• Successfully launch on Product Hunt, getting over 391 sign-ups in the first 2 days, and overall, 1,200+ sign-ups in the first three months, which is a huge success for a consumer-based startup.

So why didn't it work?

Why Neo-Banks are Struggling Now

why are neobanks failing now?
Image by freepik

As of writing this blog post in 2024, 3 years after our initial launch of the Evolve app, most neo-bank startups are struggling because of:

  • Profitability issues. Most struggle to retain profit due to the small 'interchange fees' (0.1%-0.2% of the transaction in 2021) and high costs of fin-tech maintenance, compliance, and regulatory hurdles.
  • Intense competition and regulatory crackdown. The neobanks space has become quite competitive since 2021 with many new players. Fin-techs still need to work with licensed banks, which have to meet government approvals. This has become difficult after FTX's implosion, affecting the crypto sector the most, and now fin-tech as well.

Why Evolve Failed

Although those aren't the reasons Evolve failed. We built a quick prototype but launched a B2C app without a clear business model strategy. The idea was to prove the concept, grow, raise capital, and then start charging interchange fees.

The problem was we never thought about making money, but the infrastructure and third-party partnerships, especially Plaid, cost money - connecting new user accounts, refreshing user transactions, server costs, etc.

Evolve's landing page on Product Hunt, accessed in 2024
Evolve's landing page on Product Hunt, accessed in 2024

When we launched on ProductHunt, we were in the top 3 that day, which was amazing. We got a lot of interest, app downloads, and sign-ups.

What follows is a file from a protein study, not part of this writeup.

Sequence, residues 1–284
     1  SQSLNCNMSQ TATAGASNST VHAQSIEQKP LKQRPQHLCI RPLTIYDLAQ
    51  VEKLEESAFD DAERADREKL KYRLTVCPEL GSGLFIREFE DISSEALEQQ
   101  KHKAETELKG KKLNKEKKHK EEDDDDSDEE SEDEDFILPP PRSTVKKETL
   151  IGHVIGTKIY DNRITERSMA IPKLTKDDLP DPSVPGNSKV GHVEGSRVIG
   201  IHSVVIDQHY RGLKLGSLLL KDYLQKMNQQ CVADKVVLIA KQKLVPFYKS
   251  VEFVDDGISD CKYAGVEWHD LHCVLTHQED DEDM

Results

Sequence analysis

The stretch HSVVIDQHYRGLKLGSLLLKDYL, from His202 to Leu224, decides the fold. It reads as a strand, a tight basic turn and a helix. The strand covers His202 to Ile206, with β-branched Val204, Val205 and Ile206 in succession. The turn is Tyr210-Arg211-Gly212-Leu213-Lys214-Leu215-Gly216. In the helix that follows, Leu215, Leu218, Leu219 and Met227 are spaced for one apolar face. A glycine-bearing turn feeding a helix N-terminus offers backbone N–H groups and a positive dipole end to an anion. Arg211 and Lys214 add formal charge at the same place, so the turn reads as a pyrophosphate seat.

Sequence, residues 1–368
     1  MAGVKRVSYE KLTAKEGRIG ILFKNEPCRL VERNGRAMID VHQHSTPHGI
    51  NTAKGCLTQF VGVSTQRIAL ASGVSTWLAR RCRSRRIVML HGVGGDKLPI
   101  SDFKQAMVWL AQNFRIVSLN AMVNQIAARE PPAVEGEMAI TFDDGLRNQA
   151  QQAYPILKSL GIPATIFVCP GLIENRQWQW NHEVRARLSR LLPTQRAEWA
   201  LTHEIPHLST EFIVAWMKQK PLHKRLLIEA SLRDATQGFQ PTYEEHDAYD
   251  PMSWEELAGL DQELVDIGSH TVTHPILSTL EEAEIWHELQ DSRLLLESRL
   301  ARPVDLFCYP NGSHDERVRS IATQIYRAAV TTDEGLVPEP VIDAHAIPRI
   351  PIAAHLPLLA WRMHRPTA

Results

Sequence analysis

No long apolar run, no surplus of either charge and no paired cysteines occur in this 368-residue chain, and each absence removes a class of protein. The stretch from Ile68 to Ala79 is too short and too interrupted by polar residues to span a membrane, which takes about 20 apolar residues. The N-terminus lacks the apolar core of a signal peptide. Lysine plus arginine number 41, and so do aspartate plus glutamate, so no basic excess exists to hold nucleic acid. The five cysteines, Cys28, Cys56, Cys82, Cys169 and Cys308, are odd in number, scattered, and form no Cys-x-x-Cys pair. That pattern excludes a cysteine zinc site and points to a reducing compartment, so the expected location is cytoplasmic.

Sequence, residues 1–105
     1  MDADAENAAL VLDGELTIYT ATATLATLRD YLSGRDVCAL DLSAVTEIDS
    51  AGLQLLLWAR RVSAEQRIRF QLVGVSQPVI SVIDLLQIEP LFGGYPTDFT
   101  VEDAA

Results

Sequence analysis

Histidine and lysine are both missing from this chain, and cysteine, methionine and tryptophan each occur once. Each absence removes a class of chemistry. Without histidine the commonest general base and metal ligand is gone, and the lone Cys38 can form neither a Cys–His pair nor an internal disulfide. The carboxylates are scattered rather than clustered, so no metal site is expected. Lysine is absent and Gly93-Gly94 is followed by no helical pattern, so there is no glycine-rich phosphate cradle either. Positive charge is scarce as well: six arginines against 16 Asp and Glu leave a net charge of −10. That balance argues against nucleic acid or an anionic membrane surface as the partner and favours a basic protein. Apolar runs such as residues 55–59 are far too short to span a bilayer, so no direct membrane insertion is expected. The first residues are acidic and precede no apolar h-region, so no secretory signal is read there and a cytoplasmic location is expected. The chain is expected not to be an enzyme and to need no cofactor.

About 1/3 of users connected their bank accounts through Plaid, incentivized by the promise of cash-back for purchases from our 'partners'.

We clearly stated these partners weren't working with us directly and we were just providing cash-back on those transactions.

In the end, with over a thousand customers and close to millions of lines of transactions pulled, we had no plan on how to monetize the app.

Ironically, we gave up early, noting it was more important to focus on SimpleDirect. The Evolve app was set aside, and after 1,100 users signed up, the sign-up feature stopped working.

Reflection: What Worked for Our B2C app

Let Users Be Your Champions

I chatted with a few B2C founders after Evolve failed, some backed by well-known VCs and some by YC. They were all quite surprised by our engagement metrics and how we got a thousand sign-ups in the first two months of launch with literally $0 spent on ads.

The Evolve app from the App Store preview on a Mac
The Evolve app from the App Store preview on a Mac

I think the key is to let your users be your champions and let them promote the app for you. We built Evolve to provide cashback to users for their debit cards because debit cards typically never pass on the cash-backs to users, even though the banks receive them.